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Branches of Baltimore History

Fraternal Order of Police Memorial at Shot Tower Park

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E Baltimore Street & S President Street (Street View)

GPS: 39° 17′ 25.51″ N 76° 36′ 20.80″ W


In 1972, Mayor William Donald Schaefer presented the Women’s Civic League, a local community service organization, with the idea of renovating the former residence of Baltimore’s second mayor, Thorowgood Smith. The house, built around 1794, is located next to the historic Phoenix Shot Tower directly behind the Police memorial. Now known as Shot Tower Park, the small tract of land across the street from Police Headquarters contains one of the largest installations in honor of fallen officers in the United States. The memorial contains three statues, a large panel of inscribed names and various dedication plaques. Unveiled in 1978, the monuments face City Hall and War Memorial Plaza, adding to the dignified appearance of the downtown location.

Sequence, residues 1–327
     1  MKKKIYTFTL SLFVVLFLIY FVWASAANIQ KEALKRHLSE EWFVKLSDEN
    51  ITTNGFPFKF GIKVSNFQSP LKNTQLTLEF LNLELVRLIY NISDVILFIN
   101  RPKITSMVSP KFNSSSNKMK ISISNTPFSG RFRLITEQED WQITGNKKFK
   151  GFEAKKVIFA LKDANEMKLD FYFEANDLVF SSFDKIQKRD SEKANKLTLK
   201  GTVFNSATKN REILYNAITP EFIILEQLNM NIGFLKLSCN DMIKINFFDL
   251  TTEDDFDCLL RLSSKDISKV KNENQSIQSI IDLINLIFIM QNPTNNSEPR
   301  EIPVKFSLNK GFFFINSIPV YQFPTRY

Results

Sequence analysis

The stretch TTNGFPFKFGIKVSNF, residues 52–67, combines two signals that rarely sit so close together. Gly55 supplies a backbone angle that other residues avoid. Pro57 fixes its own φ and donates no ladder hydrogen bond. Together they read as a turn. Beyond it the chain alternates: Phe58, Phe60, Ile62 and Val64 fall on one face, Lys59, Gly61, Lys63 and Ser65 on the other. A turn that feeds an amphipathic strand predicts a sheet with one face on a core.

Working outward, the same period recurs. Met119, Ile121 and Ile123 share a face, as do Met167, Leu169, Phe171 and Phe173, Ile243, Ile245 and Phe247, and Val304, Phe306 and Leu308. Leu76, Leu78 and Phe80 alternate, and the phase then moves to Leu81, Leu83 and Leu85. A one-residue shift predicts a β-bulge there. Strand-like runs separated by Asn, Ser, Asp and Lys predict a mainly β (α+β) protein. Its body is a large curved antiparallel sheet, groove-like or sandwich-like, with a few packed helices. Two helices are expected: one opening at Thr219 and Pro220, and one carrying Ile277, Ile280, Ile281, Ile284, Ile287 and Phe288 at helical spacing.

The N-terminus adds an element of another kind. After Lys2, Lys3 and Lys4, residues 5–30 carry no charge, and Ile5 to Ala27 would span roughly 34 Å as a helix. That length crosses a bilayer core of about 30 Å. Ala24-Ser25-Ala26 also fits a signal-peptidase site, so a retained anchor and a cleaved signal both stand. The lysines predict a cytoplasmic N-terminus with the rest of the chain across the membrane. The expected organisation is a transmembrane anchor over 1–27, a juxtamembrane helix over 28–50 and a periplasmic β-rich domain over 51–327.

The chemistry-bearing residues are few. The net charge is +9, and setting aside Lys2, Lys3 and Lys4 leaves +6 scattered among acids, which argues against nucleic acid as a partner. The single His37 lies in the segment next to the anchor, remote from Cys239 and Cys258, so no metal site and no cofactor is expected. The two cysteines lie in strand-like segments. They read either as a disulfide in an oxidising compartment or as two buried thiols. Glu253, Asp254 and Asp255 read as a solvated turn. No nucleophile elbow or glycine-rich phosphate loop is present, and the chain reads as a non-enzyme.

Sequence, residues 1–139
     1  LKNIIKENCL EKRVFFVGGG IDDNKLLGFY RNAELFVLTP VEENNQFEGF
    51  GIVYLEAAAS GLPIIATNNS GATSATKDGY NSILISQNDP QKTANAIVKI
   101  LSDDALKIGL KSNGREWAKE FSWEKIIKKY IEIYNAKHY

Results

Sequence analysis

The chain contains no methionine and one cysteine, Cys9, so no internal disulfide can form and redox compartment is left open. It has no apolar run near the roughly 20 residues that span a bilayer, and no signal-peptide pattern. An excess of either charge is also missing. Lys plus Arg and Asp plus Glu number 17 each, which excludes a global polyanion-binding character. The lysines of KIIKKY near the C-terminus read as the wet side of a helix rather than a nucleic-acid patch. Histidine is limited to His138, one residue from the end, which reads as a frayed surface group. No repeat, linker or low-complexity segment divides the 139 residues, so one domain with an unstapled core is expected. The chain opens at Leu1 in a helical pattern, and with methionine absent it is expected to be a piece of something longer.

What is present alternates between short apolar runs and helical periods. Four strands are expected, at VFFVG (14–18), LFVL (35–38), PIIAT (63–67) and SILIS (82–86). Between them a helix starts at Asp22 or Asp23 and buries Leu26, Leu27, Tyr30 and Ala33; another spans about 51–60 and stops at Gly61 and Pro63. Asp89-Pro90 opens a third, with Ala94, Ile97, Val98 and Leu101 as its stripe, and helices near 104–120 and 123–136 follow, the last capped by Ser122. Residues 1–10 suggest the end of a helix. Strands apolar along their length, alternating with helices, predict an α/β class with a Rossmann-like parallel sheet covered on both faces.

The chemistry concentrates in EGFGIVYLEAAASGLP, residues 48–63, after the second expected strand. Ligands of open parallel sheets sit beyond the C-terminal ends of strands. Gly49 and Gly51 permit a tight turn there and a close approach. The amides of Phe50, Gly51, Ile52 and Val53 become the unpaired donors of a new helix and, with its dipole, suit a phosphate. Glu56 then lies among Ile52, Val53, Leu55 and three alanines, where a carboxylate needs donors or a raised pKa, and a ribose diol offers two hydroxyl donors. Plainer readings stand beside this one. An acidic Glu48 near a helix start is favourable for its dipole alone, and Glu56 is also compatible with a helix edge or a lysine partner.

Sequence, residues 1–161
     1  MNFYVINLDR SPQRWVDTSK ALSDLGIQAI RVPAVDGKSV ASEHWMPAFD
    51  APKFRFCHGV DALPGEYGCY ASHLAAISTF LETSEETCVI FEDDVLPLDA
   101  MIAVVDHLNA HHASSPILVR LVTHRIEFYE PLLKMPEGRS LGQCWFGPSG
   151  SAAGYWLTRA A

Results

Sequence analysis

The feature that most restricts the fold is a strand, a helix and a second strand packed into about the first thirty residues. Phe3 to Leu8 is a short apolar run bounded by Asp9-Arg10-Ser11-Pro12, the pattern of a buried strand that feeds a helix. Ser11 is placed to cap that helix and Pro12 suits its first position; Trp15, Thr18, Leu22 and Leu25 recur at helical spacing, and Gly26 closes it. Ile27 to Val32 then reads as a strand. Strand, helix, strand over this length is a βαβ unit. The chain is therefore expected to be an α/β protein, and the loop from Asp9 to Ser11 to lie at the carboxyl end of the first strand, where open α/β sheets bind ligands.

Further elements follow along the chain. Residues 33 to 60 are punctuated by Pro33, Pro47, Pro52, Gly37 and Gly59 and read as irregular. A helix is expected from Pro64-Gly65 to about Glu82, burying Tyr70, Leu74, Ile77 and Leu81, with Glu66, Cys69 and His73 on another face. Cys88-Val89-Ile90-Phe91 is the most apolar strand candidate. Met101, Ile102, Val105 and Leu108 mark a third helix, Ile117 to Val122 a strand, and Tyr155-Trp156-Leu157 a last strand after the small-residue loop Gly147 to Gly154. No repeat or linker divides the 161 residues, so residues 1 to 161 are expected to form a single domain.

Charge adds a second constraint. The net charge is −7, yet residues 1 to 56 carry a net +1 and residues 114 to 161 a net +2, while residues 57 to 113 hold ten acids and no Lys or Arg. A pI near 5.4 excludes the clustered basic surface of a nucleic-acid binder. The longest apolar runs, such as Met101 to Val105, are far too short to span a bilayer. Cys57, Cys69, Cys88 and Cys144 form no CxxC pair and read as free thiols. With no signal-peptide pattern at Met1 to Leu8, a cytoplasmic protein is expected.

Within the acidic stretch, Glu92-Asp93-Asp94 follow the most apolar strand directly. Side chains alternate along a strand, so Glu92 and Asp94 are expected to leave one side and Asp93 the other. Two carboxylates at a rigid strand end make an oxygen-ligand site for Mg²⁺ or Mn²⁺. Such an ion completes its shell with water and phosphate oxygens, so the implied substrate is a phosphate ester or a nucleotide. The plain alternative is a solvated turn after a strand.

Donald Pomerleau was Police Commissioner during the memorial’s construction. Pomerleau was hired by the International Association of Chiefs of Police in 1965, and sent to Baltimore to examine the city’s law enforcement system during the peek of the civil rights movement. He found the police force to be as corrupt and antiquated as any in the country. He spent the next fifteen years integrating officers and correcting the mistakes of his predecessors. Pomerleau retired from the force in 1981, three years after the memorial’s completion.



Written by monumentcity

June 23rd, 2009 at 8:28 pm